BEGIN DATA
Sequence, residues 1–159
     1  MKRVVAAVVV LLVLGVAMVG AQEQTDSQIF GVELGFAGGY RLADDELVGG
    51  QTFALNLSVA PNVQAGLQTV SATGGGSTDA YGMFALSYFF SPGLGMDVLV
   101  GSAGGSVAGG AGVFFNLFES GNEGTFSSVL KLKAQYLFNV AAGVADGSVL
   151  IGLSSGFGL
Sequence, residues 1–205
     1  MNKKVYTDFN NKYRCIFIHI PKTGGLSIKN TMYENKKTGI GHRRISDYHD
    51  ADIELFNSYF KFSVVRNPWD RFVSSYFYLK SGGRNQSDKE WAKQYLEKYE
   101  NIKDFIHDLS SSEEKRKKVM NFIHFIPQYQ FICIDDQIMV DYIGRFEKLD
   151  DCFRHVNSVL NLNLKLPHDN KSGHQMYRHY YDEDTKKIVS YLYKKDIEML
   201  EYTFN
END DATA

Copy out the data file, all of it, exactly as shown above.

Sequence, residues 1–159
     1  MKRVVAAVVV LLVLGVAMVG AQEQTDSQIF GVELGFAGGY RLADDELVGG
    51  QTFALNLSVA PNVQAGLQTV SATGGGSTDA YGMFALSYFF SPGLGMDVLV
   101  GSAGGSVAGG AGVFFNLFES GNEGTFSSVL KLKAQYLFNV AAGVADGSVL
   151  IGLSSGFGL
Sequence, residues 1–205
     1  MNKKVYTDFN NKYRCIFIHI PKTGGLSIKN TMYENKKTGI GHRRISDYHD
    51  ADIELFNSYF KFSVVRNPWD RFVSSYFYLK SGGRNQSDKE WAKQYLEKYE
   101  NIKDFIHDLS SSEEKRKKVM NFIHFIPQYQ FICIDDQIMV DYIGRFEKLD
   151  DCFRHVNSVL NLNLKLPHDN KSGHQMYRHY YDEDTKKIVS YLYKKDIEML
   201  EYTFN